Interfaith Community Services honors longtime service of Marvin Lare

COLUMBIA—Interfaith Community Services of South Carolina Inc., one of the Advance Special Ministries of the South Carolina Conference of The United Methodist Church, honored the Rev. Marvin Lare with a special certificate of recognition Sept. 7.

In addition to his work as a UMC pastor and as founding executive director of Interfaith Community Services, Lare has a long history of social activism nationally and in South Carolina.

Beth Barry, Board-Staff Liaison and Midlands Area Coordinator for Interfaith Community Services, began the recognition by sharing the mission and vision of the organization. Interfaith’s mission is to be a united faith community improving the quality of life in South Carolina by working together to build strong families and healthy thriving children. Their vision is to convene, educate and coordinate faith and other community partners to build strong families and strong communities.

Members from six downtown Columbia churches began meeting in 1967 in the offices of the Methodist Advocate and drafted a proposal in January 1969 to establish an ecumenical Columbia Urban Service Center to “offer a diversified program of building neighborhood centered social welfare and related services to the center city of Columbia.”

The Oliver Gospel Mission became the center of the new organization’s operations.

Barry noted that Lare served as Interfaith’s director for approximately 17 years, starting in 1969. He came to Interfaith after already having a notable history as a civil rights champion and social activist, including participation in planning and strategy sessions with Dr. Martin Luther King Jr. and others in Selma, Alabama, as they prepared for the voting rights march to Montgomery.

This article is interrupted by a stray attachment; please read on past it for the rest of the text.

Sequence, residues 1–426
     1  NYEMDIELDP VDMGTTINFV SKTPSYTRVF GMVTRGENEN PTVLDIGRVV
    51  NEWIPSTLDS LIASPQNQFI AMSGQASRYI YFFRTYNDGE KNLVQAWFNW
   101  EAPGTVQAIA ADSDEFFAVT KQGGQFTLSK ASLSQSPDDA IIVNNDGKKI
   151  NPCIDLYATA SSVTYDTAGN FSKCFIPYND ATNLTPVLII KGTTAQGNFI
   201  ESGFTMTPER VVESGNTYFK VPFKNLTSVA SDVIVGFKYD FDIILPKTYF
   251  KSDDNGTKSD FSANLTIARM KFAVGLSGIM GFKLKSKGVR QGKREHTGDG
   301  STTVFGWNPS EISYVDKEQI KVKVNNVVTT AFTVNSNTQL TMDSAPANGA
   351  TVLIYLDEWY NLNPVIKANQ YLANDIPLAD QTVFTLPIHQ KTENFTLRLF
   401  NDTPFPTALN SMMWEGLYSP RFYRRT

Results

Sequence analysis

After arriving in South Carolina, Lare quickly became a leader working for racial equality and social justice on both local and state levels. He has written several volumes of “Champions of Civil and Human Rights in South Carolina.” With his vision and leadership, Barry shared, the organization set priority action efforts with local churches initially identifying their highest priorities as drug abuse, school integration, aging services and the needs of the homeless. From 1971-1978, they operated a drug response program with a crisis telephone hotline and walk-in center. Treatment services were developed, including a halfway house and a methadone maintenance clinic operated with the Richland County Health Department. Eventually the drug response operation merged with the alcohol treatment programs to form the current Lexington-Richland Alcohol and Drug Abuse Council.

Other major programs included the creation of Meals on Wheels from 1975-1977 when it was transferred to the Midlands Council on Aging; the Summer Food Service Program, a federally funded, state-administered program that reimburses providers who serve free, nutritious meals and snacks to children and teens in low-income areas when school is not in session; the founding of the Cooperative Ministry  with First Presbyterian, Main Street United Methodist, Trinity Episcopal, Washington Street United Methodist and First Baptist churches to establish a collaborative method of assisting those in need while preventing the duplication of services; helping to found the first hospice in the state at what is now Prisma Health Richland; and helping the Child and Adult Care Food Programs.

Barry shared that in 1986, Lare resigned to become the executive director of the South Carolina Institute on Poverty and Deprivation and Joanne Emerson was hired as Interfaith’s second director. She served for 21 years and was followed by Marga McKee.

Interfaith Community Services is housed at St. Mark UMC, Columbia.

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